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Nutrition Impact and Positive Practice

GOAL designed the Nutrition Impact and Positive Practice (NIPP) approach as a gendered, grass-roots approach, directly tackling a package of the underlying behavioural causes of malnutrition, irrespective of the particular manifestation.

NIPP is agile and adapted to the context of its implementation.

It uses positive deviance and is focused around there being easy and viable solutions to improve and protect household health and nutrition within the community.

GOAL field-tested the approach in 2012 and rolled it out since 2013 in five GOAL country programmes – Sudan, South Sudan, Niger, Malawi and Zimbabwe.

Although GOAL takes a systemic approach to programming, direct interaction with beneficiaries remains an integral part of the NIPP approach.


Impetus for designing a new nutrition approach

The original stimulus for designing a new nutrition approach was to find an alternative to heavily input focused food-based aid programmes that have either not been found effective in reducing rates of malnutrition or have only had short lived effects, whereby their sustainability is usually untenable. GOAL also identified other programming issues, including the difficulty of implementing truly multi-sectoral initiatives, due to the inherently siloed approach of sectors.

Therefore, by designing an initiative that innately incorporates sectorally sensitive elements (Health, Water-Sanitation-Hygiene and Livelihoods), GOAL removed the need to get “buy-in” from other sectors to work collaboratively.

Currently, many nutritional programmes focus solely on the curative element of malnutrition. However, the rates of malnutrition at the global level make a compelling case for the implementation of interventions that, as well as improving the nutritional status of those already malnourished, also focus more holistically on attempting to ‘prevent’ the occurrence of malnutrition in the first instance, through changes in behaviour and practice.

Our solution are NIPP circles

GOAL has created a framework to improve the nutrition security and care practices of households either affected by, or at risk of malnutrition.

NIPP circles are male and female gatherings of community members who meet on a regular basis for a recommended period of 12 weeks to share and practice positive behaviours.

NIPP circles aim to improve the nutrition security and care practices of households either affected by, or at risk of suffering from malnutrition, through participatory nutrition/health/hygiene-sanitation learning and diet diversity promotion (including small-scale agricultural production).

The circles aim to facilitate knowledge and skills sharing of both men and women using locally available resources with discussion, practical exercises and positive reinforcement to help families adopt sustainable, positive behaviours. The concept is focused around there being easy and viable solutions accessible to all participating families.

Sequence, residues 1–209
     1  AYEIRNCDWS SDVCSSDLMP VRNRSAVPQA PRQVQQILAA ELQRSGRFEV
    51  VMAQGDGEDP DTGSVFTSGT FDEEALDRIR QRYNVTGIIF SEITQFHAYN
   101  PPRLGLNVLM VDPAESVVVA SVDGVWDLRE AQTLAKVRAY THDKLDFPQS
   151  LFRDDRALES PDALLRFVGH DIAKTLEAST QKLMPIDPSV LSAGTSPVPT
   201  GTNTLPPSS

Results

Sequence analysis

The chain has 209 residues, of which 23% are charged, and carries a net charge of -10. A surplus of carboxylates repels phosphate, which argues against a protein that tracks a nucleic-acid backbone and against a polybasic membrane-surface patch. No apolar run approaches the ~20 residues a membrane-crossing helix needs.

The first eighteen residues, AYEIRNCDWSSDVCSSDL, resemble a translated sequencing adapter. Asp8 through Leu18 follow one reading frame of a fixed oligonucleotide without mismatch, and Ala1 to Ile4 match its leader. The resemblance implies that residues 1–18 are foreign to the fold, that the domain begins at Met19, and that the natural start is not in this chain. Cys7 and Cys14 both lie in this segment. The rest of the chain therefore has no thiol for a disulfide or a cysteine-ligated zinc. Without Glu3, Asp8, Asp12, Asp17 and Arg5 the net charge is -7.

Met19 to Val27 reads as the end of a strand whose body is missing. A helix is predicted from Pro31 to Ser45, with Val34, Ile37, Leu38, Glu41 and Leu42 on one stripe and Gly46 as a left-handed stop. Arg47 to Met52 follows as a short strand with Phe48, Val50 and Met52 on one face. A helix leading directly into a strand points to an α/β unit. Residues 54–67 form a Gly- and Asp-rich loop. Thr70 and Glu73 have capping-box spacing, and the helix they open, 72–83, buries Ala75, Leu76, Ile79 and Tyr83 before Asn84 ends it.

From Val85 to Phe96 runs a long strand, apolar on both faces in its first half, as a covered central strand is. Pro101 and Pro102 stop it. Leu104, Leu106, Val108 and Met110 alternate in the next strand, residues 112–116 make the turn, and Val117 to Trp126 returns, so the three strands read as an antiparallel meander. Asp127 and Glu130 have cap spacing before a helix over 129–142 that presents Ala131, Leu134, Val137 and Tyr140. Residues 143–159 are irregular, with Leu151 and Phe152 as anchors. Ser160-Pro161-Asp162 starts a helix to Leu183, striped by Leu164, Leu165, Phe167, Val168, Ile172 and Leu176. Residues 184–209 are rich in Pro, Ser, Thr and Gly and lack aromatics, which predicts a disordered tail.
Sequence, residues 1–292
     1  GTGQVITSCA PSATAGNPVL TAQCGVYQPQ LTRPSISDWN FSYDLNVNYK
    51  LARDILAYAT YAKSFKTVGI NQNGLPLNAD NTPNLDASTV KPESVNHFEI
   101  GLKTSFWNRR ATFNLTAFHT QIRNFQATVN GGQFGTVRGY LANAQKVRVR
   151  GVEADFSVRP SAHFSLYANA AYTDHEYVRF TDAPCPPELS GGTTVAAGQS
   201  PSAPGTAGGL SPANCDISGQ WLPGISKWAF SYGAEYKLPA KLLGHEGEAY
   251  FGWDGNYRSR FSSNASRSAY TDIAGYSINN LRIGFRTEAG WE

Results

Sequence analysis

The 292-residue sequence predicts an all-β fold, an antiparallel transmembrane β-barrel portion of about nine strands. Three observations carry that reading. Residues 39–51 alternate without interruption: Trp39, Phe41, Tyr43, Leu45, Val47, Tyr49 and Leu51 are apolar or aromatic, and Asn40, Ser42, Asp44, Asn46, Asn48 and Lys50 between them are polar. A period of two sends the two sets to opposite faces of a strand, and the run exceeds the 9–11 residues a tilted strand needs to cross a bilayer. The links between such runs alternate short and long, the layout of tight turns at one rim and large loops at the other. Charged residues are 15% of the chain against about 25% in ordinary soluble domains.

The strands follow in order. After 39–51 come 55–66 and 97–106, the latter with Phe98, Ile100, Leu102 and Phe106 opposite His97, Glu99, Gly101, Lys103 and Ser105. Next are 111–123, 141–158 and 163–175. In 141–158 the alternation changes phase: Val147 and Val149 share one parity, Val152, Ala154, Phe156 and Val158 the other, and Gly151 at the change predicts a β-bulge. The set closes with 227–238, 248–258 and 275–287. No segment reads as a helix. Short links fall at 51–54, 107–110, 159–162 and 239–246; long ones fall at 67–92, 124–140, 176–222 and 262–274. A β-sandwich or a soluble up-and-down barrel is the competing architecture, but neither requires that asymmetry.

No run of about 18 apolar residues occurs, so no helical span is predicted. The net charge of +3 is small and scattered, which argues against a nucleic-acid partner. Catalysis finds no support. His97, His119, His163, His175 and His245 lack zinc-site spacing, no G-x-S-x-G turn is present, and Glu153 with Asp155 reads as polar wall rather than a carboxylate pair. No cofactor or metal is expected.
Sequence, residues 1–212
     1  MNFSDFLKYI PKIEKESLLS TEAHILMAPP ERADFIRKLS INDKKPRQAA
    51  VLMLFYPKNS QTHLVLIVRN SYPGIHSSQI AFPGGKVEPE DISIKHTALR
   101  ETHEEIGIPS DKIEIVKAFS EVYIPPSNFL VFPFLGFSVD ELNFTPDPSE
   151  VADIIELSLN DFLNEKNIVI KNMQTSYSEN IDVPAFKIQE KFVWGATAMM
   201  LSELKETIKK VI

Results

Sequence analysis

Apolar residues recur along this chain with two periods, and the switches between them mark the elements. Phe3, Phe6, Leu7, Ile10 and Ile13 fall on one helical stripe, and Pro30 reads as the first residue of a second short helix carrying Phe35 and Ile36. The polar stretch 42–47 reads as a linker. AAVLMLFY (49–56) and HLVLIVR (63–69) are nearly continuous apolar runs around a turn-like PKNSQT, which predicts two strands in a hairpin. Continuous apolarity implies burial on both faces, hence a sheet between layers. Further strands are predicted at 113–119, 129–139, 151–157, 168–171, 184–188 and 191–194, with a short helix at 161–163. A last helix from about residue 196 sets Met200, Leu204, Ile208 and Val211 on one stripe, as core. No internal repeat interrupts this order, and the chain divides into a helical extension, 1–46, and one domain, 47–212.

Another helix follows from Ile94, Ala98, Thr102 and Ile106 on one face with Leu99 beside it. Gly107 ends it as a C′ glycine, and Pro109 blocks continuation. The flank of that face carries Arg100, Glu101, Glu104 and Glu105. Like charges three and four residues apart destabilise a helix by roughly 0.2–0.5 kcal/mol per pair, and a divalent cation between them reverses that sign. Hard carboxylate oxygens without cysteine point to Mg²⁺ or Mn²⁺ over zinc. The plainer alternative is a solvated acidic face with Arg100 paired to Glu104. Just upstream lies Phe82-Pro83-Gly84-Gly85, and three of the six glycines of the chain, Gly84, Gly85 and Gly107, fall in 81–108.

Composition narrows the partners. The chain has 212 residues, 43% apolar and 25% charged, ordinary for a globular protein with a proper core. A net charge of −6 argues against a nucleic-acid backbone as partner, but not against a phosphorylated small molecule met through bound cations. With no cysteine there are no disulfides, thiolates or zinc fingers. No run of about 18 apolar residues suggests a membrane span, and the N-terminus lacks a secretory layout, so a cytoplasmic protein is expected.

To ensure a holistic approach, the circles provide participants with knowledge and skills through 3 main components, including a package of ‘must-have’ or ’non-negotiable’ extras:


Practical behaviour change sessions

Focused on key causes on malnutrition for improved awareness and practice.



For improved households nutrition security.


Participatory cooking demonstrations

For improved nutritional status, feeding and care practices.

A different approach

Our NIPP approach focuses on reducing malnutrition in the long term. It aims to supports communities, both men, women and leaders, in the sharing and practice of positive behaviours to reduce malnutrition.

Since the beginning of NIPP implementation in 2012, the approach has reached over 19,000 direct beneficiaries in Malawi, Niger, South Sudan, Sudan and Zimbabwe. Across these countries, NIPP has had a positive impact on nutrition-specific and sensitive behaviours.

From 2012 to 2016, diet diversity in 2,991 children aged 6-23 months who reached graduation increased from 28% on admission to 71% on graduation; and of 3,328 children aged 6-59 months admitted to NIPP with moderate acute malnutrition, 82% were discharged cured.

Who is the NIPP toolkit for?

For those who wish to implement the NIPP approach.

The toolkit aims to meet the needs of the Ministry of Health and other organisations nutrition programme managers, coordinators, and advisors who wish to implement the NIPP approach.

In addition to the implementation guidelines for the NIPP approach supporting the rollout and the monitoring of NIPP circles, the toolkit contains planning, costing and communication tools.

In countries with existing national protocols for the treatment of acute malnutrition and the prevention of chronic malnutrition, this toolkit should be adapted to be aligned with and to support the existing nutrition policies.

NIPP Guidelines


Implementation guidelines for Nutrition Impact and Positive Practice (NIPP) approach

The aim of the implementation guidelines for the NIPP approach is to provide public access to NIPP guidelines and tools developed by GOAL. GOAL will strive to disseminate information that is accurate and up-to-date on the day it was initiated. Every effort will be made to correct any errors that are brought to our attention.